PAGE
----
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About Omaha daily bee. (Omaha [Neb.]) 187?-1922 | View Entire Issue (Dec. 9, 1908)
The Omaha Daily Bee
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VOL. XXXVIII NO. 14I.
OMAIIA, WEDNESDAY MORNING, pECEMBER 9, 1 90S TWELVE PAGES.
SINGLE COPY TWO CENTS.
HONEY PAID IN PARIS
DAVIS CASE SEARS CLOSE
SUMMARY OF THE BEE
Solicitor General Hoyt Talks of Pan
ama Canal Deal.
CASH GOES TO LIQUIDATION
Payment is Made Through Bank of
official APPonrriV- fouRT
Money Was Distributed ' '
tion of Tribuna.
' ISSUE OF VERACITY V
tt York Kewspaper tno4e
moay of W llllaan Stloi Cromwell
la Reply Prealdeafs
WASHINGTON, Dee. B.-fXrtlcltor Ge teraj
Hoyt, In commenting today on the presl
l.nt's letter to Mr. Foulke. regarding the
payment for the Panama eanal. Bald:
'I furnished to the president the facte
concerning- the m-thod of payment of the
money fur the Panama canal to the French
people. The president's atatemente are
absolutely true. The money wu paid at
the Bank of France to the liquidator.
M. Gwitron, appointed under the decree
of the civil tribunal of the Peine and the
amount wn apportioned between the new
and old companies In the exact propjrtlon
decided In thta decree of the ciri! tribunal
of the Seine. The artlon of thle clrll
tribunal was the action of the French
government, Just aa any decision of the
courts here la ttie action of the govern
ment. ' Any pretenre to the contrary Is a
mora quibble over names."
CAHAL DEAL. ISSIES JOINED
New York HfViMMr Real tea
4er of Prealdeat Roosevelt.
NEW TORK( Dec. .-The New Tork
World, to which Delaran Bmlth. editor of
the Indianapolis News, referred In his re
ply to President Roosevelt's attack upon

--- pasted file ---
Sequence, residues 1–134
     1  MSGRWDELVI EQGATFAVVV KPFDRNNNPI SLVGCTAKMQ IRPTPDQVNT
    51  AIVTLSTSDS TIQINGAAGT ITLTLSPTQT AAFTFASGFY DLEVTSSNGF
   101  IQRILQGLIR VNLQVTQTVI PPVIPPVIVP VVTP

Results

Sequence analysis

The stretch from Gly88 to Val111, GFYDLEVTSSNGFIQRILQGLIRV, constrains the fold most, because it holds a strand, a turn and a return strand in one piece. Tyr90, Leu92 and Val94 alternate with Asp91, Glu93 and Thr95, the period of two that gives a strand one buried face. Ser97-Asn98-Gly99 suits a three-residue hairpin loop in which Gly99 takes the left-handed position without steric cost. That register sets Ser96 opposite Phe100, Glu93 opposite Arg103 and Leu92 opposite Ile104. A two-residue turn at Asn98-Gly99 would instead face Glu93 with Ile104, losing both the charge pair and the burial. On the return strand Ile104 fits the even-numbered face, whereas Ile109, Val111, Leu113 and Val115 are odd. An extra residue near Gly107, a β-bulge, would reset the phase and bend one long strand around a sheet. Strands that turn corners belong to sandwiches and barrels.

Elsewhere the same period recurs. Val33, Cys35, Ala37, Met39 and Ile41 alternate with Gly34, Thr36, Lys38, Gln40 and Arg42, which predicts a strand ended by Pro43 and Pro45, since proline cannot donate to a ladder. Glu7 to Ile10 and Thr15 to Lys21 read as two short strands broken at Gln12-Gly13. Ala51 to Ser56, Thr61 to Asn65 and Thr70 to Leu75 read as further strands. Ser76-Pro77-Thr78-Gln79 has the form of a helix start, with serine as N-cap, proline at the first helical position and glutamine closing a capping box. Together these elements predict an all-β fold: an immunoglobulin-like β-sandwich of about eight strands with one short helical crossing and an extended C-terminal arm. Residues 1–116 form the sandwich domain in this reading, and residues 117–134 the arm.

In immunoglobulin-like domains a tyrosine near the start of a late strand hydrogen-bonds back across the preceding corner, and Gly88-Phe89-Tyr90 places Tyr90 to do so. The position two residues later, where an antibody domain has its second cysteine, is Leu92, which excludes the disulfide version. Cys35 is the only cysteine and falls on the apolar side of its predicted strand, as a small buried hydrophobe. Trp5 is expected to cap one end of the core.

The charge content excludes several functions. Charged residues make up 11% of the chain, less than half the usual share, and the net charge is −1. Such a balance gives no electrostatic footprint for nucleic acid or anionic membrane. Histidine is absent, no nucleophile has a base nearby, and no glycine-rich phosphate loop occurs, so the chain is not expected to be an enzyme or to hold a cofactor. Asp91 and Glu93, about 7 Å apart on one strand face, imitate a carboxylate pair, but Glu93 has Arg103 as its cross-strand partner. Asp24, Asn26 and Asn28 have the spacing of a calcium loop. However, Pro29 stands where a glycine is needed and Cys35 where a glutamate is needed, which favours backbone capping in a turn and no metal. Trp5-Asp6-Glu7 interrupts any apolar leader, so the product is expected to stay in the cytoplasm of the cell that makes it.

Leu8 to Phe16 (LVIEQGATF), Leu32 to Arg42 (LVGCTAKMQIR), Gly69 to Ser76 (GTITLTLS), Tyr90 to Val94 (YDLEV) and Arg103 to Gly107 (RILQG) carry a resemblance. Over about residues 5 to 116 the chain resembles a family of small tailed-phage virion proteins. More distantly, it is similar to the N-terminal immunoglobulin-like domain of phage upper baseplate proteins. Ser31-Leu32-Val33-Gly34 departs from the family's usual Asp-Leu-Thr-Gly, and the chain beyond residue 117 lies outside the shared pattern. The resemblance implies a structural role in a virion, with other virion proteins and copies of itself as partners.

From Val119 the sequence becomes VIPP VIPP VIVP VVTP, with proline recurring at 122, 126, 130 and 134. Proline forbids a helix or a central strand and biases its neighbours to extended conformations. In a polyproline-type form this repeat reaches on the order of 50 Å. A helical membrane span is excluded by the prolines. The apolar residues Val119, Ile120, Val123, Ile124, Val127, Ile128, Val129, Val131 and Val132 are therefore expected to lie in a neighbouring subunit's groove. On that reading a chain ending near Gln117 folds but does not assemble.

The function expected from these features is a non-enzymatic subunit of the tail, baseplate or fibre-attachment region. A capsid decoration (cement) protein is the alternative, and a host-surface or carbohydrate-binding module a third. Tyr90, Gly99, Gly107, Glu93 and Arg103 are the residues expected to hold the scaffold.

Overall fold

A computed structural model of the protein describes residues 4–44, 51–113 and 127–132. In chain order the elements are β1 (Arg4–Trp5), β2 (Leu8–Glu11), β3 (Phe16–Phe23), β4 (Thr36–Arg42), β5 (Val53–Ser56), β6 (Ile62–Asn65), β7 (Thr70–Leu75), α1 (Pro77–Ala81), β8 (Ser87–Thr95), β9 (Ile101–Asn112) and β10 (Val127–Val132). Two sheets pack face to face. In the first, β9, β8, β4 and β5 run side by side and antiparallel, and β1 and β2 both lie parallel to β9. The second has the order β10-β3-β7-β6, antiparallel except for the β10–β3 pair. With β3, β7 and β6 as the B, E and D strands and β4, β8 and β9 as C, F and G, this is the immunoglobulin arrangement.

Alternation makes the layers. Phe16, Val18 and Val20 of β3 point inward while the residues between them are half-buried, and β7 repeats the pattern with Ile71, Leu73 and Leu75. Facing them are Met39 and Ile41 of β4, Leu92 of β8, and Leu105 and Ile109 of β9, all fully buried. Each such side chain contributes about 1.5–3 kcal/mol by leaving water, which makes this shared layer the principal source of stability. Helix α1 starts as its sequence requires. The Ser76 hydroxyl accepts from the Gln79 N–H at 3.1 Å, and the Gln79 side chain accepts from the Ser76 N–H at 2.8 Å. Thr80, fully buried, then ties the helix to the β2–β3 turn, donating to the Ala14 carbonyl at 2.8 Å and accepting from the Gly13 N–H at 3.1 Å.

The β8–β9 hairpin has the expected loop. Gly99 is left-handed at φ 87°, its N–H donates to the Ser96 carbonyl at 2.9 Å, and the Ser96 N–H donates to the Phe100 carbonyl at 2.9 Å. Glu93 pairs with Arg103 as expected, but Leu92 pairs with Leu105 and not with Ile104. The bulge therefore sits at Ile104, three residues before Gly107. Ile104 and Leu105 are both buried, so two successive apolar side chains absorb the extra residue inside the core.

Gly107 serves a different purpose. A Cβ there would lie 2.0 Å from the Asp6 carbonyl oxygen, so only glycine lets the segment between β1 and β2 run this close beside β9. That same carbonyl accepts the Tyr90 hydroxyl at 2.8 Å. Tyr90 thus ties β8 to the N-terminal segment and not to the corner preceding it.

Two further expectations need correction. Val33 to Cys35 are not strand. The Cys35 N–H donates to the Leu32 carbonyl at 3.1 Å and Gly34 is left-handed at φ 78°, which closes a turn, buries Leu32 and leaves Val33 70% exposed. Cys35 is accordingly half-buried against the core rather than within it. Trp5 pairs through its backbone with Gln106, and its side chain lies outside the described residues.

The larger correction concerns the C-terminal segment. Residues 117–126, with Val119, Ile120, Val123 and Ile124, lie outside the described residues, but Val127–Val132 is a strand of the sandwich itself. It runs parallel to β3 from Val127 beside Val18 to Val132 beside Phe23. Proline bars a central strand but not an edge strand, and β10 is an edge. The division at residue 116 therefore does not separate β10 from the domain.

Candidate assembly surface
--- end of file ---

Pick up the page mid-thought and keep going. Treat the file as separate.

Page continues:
him. as the authority for the article on the
Panama canal which appeared In his papers
and railed forth tbe president's letter, says
'"In rlew of President Rooeevelt'a delib
erate misstatement or fact In hia scand
alous personal attack upon Mr. Delavan
Smith, editor of tha Indianapolis News,
the World calls upon the congress of the
Vnlted States to make Immediately a full
and Impartial Investigation of the entire
Panama canal scandaL
The Investigation of 190S by the senate
committee of the tnter-oceanlc canals was
blocked by tha refusal of William Nelson
Cromwell to answer the moat pertinent
u '' ns of . mator gan f Jibama.
Slnre that time nothing has been done
because after Senator Morgan a death thers
was no successor to carry o bis great
work of revealing the truth about Panama
corruption. . . . .... ,
Hmrrr Tkrnt Broaajht Oat letter.
"Tha Indianapolis News said tn tha edi
torial for which Mr. Roosevelt assails Mr.
- 'II has been Charged that the Vnlted
States bought from Anerican cKisens for
1-W.000.ao property that cost those citizens
only IliOOO.OOO. There Is no doubt that the
government paid $4O,W0,0 tor the prop
erty. But who got the money r
"President Roosevelt's reply to this most
proper question Is for the most part a
stirring of abusive and defamatory epithets.
But he also makes the following statements
aa truthful Information to tbe American
" The United States did not pay a cent
of the 140.000.000 to any American citizen.
The government paid the 4O,OX,O0O direct
to the French government, getting the re
ceipt of the liquidator appointed by the
French government to receive tho same.
" "The Vnlted Btates government baa not